Prescription charges
James Reilly committed in March this year to abolish the 50c prescription charge: “It’s certainly something we’ve undertaken to do.” He failed to do so in Budget 2012

Free GP care
The FG Manifesto promised free GP care “As part of our preparation for UHI, which will gradually deliver Free GP Care for all, we will look at a number of ways to widen access to free GP care as finances permit, including increasing the number of people who have a GP Visit Card Failed to implement in Budget 2012

Roscommon Hospital and A&E Departments
Fine Gael Manifesto: “No A&E services will be withdrawn unless a demonstrably better service is put in place and is seen to work.” Fine Gael made a clear commitment during and after the general



election to retain and enhance services at Roscommon Hospital. 24-hour emergency care in Roscommon Hospital has been ended, and the Government refuses to rule out further closures in small hospitals. Reilly says it will be Winter 2012 before overcrowding in A&Es is solved.

New regional hospital for the North East
During the election, the five Fine Gael candidates contesting the election in Meath East and Meath West promised that the new regional hospital for the North East will be built within five years. This was ruled out by James Reilly in Government.

Jobs & Enterprise
Jobs Budget
FG promised a Jobs Budget within 100 days. The jobs budget then became a mere revenue neutral “jobs initiative”, with no jobs target. They can only point to the net creation of 490 jobs as a result of the Jobs Initiative, despite raiding people’s pensions to the tune of €2bn over 4 years. It was used merely as a revenue grabbing measure.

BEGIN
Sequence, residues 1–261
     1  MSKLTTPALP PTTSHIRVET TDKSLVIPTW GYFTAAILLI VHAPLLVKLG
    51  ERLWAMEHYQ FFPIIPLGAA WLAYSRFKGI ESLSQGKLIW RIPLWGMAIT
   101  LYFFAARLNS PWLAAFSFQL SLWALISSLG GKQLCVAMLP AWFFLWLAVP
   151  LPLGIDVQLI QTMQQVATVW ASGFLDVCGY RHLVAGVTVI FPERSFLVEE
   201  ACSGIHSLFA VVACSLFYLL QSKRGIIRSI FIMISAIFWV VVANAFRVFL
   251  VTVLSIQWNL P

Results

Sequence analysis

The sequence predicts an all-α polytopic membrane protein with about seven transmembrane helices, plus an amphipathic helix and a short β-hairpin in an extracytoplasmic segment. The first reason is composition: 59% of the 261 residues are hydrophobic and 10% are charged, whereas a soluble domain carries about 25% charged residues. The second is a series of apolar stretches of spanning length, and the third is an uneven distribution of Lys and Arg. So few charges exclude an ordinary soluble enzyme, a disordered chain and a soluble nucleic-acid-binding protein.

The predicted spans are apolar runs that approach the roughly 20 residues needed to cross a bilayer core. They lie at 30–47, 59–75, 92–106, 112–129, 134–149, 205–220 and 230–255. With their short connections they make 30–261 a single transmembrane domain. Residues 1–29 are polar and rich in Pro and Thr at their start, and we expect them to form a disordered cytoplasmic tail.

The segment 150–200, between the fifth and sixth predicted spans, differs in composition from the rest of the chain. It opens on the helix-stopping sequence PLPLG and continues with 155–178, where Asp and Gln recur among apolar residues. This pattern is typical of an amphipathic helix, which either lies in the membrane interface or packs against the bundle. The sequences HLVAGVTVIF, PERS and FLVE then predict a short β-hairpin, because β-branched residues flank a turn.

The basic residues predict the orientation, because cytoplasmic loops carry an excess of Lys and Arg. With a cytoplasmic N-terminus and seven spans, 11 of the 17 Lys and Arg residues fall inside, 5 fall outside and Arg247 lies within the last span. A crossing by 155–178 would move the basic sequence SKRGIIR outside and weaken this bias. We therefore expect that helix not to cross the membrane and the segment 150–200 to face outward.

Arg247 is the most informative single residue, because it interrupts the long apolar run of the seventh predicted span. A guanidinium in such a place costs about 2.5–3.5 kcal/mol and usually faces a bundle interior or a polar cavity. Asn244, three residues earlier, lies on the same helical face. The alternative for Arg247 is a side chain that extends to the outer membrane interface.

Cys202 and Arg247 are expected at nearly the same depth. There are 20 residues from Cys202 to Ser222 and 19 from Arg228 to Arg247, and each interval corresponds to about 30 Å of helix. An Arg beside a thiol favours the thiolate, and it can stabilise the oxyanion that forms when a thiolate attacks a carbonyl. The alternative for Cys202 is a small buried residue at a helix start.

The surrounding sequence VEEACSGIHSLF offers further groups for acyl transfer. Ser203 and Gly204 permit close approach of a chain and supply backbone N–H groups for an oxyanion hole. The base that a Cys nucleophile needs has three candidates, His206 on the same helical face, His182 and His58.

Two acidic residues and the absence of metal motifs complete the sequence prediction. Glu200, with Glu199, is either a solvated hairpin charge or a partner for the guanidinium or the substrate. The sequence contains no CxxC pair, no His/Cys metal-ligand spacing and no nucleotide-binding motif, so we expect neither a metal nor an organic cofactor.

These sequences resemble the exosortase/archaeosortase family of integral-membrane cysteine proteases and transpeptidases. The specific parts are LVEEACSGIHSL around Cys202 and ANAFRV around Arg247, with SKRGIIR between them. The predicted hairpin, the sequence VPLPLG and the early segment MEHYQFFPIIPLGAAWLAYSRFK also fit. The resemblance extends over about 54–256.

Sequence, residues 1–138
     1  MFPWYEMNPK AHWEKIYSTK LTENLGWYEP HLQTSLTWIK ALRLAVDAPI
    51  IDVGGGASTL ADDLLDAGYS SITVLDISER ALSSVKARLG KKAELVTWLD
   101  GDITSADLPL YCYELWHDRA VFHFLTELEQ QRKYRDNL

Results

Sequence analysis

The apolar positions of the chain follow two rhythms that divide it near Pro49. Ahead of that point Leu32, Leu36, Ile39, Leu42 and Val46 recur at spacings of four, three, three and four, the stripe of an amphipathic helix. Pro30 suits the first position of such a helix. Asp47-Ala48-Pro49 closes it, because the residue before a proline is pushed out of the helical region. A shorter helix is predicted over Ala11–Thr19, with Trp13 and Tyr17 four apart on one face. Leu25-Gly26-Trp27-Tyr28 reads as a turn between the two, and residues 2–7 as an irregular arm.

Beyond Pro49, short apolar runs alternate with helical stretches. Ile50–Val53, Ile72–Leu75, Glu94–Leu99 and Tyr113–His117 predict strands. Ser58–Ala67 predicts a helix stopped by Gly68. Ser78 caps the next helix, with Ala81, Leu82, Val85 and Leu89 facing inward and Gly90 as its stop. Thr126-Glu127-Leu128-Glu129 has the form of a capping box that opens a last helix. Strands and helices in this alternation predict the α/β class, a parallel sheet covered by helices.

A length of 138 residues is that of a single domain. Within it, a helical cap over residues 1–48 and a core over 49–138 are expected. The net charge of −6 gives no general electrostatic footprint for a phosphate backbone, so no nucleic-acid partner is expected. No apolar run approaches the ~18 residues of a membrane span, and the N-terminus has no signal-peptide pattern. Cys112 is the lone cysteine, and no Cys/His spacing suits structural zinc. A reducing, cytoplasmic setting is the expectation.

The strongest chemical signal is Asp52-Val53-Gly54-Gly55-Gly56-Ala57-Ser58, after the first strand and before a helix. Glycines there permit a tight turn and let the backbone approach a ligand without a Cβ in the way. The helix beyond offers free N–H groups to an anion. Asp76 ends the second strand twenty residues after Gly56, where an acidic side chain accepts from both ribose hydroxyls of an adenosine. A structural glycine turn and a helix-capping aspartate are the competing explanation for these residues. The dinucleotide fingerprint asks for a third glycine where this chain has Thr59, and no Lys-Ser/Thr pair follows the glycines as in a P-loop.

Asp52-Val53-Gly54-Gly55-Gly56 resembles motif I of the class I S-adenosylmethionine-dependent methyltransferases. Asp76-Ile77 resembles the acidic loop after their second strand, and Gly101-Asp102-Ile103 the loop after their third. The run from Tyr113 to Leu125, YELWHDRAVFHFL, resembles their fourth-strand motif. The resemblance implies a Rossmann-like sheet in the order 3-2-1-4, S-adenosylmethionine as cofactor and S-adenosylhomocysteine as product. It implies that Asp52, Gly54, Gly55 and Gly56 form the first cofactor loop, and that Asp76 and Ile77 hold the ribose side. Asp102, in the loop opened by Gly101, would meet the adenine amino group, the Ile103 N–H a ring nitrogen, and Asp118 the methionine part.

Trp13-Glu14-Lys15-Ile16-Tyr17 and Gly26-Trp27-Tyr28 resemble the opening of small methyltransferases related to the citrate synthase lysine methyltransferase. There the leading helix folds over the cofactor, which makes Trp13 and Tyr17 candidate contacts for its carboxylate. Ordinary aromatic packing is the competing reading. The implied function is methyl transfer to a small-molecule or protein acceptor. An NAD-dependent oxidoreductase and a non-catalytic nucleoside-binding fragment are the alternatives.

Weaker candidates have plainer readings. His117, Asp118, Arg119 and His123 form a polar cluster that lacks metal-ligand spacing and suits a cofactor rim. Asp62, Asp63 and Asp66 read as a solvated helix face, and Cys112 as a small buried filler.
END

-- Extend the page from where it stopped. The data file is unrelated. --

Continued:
Getting People Back to Work
FG Election Slogan: Let’s Get Ireland Working Latest Live Register figures show unemployment rising – the jobs initiative failed, the New Era jobs didn’t materialise, and the Medium Term Fiscal Statement acknowledges unemployment will rise in 2012.

New Era Jobs
Enda Kenny boasted before the election that “New Era will create over 105,000 jobs.” At its launch, there was no mention of jobs it would create, and no mention of cost.



Upward Only Rent Reviews
The Programme for Govt states: “We will legislate to end upward only rent reviews for existing leases.” Government waved the white flag on them in Budget 2012.

State Assets
Programme for Government: “We will target up to €2 billion in sales of non-strategic state assets.” €3bn of assets, strategic or otherwise, will be sold.

Environment & Heritage
Water Charges & Utility Charges
Labour previously said they would be opposed to the introduction of flat rate water charges “A flat water charge is not something that we’re going to introduce.” The Government has now admitted that two charges are on the way by 2013, a flat rate household utility charge (by 2012) and water charges.

Household Charge
“We’re not in favour of a tax on the family home” – Gilmore before the election. July 2011: Phil Hogan announced the introduction of a €100 flat rate household charge which is to be applied to the 1.6 million households in the country.

Stag Hunting